Masri told IPS that he believed so many children were becoming casualties because of the "widespread and indiscriminate nature of the bombings" and because "children are least able to run away when the bombings commence."
This new 544-bed hospital was forced to open its emergency room six months early due to the current crisis. The hospital has had to handle "scores and scores" of casualties, according to the assistant director.
Masri said he had barely slept in the 13 days since the Israeli bombing of Lebanon began. His hospital, he said, was functioning with only 25 percent staff because "most are now unable to get here because so many roads and bridges are bombed. Those who are here are eating, sleeping and living here 24 hours a day because if they leave they fear they may be unable to return."
On Sunday, Jan Egeland, the United Nations emergency relief chief, toured the devastated areas of south Beirut. He described what he saw as "horrific" and said the destruction "makes it a violation of humanitarian law."
Egeland said UN supplies of humanitarian aid would arrive within the next few days, but "we need access," and "so far Israel is not giving us access."
Aid is now a matter of life and death. Masri said his hospital would soon begin to run out of medicines and supplies.
"We are concerned about what is to come because we cannot continue at this rate," he said. "Already we've had to go to the Ministry of Health to get extra supplies. If the UN succeeds in opening safe passage from the south, we will be deluged with patients."
Masri said hospitals in Sidon and other southern cities are overwhelmed with patients, who are being treated in the corridors and lobbies.
According to Masri many of the injured there are suffering from the impact of incendiary white phosphorous. The Lebanese ministry of interior has officially said that the Israeli military has used this weapon.
"We don't know why we aren't getting help from the International Committee of the Red Cross," Masri said. "The Lebanese Red Cross is helping us the best they can, but no foreign agencies are helping us. Why not?"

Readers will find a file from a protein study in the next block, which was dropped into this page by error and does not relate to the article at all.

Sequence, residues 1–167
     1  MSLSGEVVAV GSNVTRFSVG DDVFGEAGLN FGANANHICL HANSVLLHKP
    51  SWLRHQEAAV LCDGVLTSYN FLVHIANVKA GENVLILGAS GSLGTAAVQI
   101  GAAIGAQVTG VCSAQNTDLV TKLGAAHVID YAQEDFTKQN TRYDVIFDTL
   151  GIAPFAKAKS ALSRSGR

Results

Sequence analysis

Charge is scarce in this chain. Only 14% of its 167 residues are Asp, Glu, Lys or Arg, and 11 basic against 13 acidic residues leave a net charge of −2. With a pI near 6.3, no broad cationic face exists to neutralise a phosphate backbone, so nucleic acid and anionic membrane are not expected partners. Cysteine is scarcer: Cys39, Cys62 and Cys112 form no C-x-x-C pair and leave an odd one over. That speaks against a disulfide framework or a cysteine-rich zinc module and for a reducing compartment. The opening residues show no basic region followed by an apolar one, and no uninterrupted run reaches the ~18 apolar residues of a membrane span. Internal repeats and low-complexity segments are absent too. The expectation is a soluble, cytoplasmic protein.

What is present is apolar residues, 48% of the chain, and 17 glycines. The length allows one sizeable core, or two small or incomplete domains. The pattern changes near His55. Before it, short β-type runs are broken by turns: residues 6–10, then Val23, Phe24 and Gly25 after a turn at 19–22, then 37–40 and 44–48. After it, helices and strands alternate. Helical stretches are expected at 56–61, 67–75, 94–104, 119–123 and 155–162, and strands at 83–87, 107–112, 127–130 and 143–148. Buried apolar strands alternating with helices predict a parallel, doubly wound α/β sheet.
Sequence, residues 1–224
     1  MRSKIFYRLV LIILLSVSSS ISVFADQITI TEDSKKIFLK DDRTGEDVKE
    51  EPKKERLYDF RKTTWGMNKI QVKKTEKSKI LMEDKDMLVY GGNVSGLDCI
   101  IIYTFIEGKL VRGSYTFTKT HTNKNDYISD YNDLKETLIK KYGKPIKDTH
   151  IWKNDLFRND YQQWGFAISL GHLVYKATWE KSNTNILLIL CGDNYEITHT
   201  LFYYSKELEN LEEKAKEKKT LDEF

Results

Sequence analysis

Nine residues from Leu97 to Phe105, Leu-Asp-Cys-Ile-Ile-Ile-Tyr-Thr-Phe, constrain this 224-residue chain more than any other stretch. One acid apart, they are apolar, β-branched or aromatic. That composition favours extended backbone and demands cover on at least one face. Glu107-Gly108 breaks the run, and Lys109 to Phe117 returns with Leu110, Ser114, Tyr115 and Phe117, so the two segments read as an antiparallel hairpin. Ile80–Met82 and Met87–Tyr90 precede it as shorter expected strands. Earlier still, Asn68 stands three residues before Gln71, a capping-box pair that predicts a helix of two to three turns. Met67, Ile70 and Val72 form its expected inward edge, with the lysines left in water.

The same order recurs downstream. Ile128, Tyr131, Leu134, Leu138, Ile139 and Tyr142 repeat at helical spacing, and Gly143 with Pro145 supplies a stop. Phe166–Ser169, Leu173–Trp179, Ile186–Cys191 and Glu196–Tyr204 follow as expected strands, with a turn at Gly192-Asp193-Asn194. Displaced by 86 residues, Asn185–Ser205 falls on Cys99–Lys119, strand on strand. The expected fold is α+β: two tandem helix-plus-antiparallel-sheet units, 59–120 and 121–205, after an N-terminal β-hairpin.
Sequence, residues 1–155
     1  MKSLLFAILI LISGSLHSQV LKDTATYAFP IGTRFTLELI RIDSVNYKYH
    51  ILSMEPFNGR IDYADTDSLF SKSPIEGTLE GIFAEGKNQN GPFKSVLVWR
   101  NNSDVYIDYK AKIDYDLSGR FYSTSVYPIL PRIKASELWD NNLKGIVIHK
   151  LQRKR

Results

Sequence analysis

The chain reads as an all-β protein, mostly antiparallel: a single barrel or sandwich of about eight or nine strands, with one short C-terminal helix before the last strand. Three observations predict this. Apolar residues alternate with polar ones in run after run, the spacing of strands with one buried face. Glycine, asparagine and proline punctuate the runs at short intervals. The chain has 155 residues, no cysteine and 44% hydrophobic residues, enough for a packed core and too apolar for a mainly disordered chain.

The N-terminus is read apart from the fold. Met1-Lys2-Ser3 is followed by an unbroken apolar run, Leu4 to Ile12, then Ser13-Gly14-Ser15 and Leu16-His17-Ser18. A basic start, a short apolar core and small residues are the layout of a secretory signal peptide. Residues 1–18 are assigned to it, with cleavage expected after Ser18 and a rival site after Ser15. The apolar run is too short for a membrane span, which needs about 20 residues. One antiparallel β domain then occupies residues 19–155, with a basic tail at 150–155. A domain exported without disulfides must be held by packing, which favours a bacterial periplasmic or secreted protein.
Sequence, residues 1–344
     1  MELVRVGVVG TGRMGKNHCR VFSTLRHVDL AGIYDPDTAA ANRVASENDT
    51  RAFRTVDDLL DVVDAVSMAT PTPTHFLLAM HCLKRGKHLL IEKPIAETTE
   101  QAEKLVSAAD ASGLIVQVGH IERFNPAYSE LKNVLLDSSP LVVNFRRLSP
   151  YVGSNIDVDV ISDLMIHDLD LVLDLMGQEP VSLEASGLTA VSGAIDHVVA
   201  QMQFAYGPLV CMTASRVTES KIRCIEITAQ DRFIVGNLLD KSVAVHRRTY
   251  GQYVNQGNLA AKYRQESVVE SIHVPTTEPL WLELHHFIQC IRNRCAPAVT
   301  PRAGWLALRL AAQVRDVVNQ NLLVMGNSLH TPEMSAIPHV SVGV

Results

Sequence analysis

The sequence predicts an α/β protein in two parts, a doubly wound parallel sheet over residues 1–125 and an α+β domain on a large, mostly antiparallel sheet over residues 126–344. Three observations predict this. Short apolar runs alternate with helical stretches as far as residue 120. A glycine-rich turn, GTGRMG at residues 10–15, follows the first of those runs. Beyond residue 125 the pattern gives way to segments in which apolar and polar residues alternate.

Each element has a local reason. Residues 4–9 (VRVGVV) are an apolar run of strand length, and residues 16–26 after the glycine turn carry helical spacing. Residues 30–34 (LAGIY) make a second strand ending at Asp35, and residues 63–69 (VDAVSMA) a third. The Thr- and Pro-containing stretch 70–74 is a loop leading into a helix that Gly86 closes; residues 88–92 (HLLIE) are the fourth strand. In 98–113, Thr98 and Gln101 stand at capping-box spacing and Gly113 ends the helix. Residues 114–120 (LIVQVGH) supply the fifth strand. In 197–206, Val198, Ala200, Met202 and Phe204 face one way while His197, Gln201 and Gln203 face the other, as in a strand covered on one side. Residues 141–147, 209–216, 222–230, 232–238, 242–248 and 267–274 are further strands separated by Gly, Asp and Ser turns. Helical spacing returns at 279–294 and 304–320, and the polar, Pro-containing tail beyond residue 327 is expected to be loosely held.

As the IPS correspondent was speaking with the assistant director, an enraged man was led out by several security guards. His wounded son had just been discharged.
"I want my son to stay here because we have no place to go," the man was shouting. "Our home has been flattened. If we leave here we must go to a refugee camp in a school, or sleep on the dirt in a park. I demand you allow us to stay here."
People are furious about the high number of casualties among children.. Mariam Mattar, a 50-year-old mother sitting on a mattress in a park in central Beirut along with hundreds of other refugees from southern Beirut said no home there was safe.
"We left our house because they are bombing everything in the civilian neighborhoods," she told IPS. "They are killing all our children. What human would ever do this kind of thing."
They had moved to central Beirut because it was safer. But living out in the open has meant another kind of hell. "We are without our shoes even. We are living in the dirt. Would Israel allow her children to live like this," she asked, pointing at her bare feet.
She pulled a little boy towards her and said, "What have these children done? The other children who didn't escape are rotting under the destroyed buildings as we speak."
Israeli war planes roared above as several refugees spoke with IPS.
"We are very afraid from all the bombings," Ramadan, a 12-year-old boy in the park said. "I hope they stop. This is all we want now."
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July 24, 2006 (http://www.albionmonitor.com)
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